Stamina Costs Edit

Most actions that require the character to spend an Action performing them also require them to spend Stamina to complete the action. A character cannot just swing their arms around all day and not get tired, nor can a person run for long at their top speed without getting tired. To account for this, characters consume the following amounts of Stamina for the following actions:

  • Moving at full speed: When a character takes an action to move at their full speed or Sprint, they consume 1 Stamina per 10 meters moved, with a minimum cost of 1 Stamina for characters with full movement speeds of less than 10 meters.
    • Taking a half-move doesn't consume any Stamina, since the character is not spending an action to move.
    • If the character's Jump and Swim Speeds are not adjusted by Powers, they consume 1 Stamina for every 5 meters moved when the character uses either of these movement types, minimum of 1 Stamina for movement speeds of less than 5 meters. If these modes of movement are adjusted by powers, the movement costs only 1 Stamina per 10 meters, just like Running.
  • Attacking: Making an attack consumes Stamina based on the following factors:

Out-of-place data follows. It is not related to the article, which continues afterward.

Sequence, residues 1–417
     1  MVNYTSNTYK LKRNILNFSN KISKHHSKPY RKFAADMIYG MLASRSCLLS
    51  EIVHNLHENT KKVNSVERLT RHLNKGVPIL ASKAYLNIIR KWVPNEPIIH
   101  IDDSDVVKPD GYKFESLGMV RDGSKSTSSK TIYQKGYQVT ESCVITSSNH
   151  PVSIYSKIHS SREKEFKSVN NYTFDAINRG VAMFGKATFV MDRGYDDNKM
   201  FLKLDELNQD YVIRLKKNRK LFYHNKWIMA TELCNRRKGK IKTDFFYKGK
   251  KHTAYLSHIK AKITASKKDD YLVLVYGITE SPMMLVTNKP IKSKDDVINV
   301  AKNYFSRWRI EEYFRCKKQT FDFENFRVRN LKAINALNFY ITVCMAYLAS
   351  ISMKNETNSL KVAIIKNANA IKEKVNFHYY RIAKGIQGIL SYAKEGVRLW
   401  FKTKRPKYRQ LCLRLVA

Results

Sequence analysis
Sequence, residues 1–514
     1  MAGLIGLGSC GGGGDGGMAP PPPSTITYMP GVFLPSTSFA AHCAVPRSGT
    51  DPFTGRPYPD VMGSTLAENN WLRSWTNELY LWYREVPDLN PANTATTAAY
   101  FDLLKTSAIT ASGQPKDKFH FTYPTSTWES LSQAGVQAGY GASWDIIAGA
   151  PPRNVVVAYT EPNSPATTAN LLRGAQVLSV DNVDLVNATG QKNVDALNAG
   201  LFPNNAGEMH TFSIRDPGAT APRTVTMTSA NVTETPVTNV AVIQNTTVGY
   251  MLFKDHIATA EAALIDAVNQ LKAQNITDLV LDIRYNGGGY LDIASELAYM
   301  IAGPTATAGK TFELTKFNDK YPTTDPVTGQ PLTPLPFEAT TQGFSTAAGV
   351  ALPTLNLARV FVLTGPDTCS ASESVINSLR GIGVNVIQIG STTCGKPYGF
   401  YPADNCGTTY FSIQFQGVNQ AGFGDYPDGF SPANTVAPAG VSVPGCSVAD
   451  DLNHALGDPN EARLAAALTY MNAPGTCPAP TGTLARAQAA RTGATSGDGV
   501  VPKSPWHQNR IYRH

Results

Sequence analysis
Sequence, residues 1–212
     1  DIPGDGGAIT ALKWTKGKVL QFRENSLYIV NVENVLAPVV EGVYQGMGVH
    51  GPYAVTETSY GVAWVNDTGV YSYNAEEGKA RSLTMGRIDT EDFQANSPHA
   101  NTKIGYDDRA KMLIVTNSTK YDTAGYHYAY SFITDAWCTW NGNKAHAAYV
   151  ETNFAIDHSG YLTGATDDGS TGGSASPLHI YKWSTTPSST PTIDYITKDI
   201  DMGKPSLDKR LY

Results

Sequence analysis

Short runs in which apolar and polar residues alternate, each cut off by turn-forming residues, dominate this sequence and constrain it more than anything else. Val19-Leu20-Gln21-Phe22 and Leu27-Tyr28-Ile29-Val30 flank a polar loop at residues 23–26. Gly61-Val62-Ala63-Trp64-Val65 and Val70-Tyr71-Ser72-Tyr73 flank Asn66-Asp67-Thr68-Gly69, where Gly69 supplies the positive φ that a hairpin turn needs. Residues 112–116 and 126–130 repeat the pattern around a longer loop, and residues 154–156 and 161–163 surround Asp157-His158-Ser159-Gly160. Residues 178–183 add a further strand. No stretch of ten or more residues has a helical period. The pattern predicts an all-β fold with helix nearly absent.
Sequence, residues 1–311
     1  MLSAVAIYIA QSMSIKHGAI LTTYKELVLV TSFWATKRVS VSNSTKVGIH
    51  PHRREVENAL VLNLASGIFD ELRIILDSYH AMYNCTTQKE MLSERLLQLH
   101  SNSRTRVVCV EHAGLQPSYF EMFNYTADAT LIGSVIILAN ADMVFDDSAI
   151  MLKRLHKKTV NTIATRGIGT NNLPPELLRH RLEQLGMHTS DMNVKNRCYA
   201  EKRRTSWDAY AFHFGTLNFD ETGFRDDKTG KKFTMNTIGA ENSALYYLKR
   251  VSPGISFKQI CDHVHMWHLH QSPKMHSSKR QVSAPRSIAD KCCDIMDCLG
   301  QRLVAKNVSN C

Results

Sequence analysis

• Melee attacks: The character consumes 1 point of Stamina for every 1d6 Strength dice used for the damage. If the character is attacking with weapon, they add 1 point of Stamina to the cost for every 5 points of required strength. Additional damage dice added through Martial Arts or the Strike Power do not add to the Stamina Cost.
    • Ranged Attacks: If the character is using a thrown weapon, the attack consumes 1 point of Stamina for every 1d6 Strength dice used in the damage roll, plus 1 more Stamina for every 5 points of required Strength needed to throw the weapon. If using a bow, gun, or other form of mechanical ranged weaponry, the attack consumes 1 Stamina for every 5 points of the weapon's required Strength. Damage added through ranged Martial Arts do not add to the Stamina cost.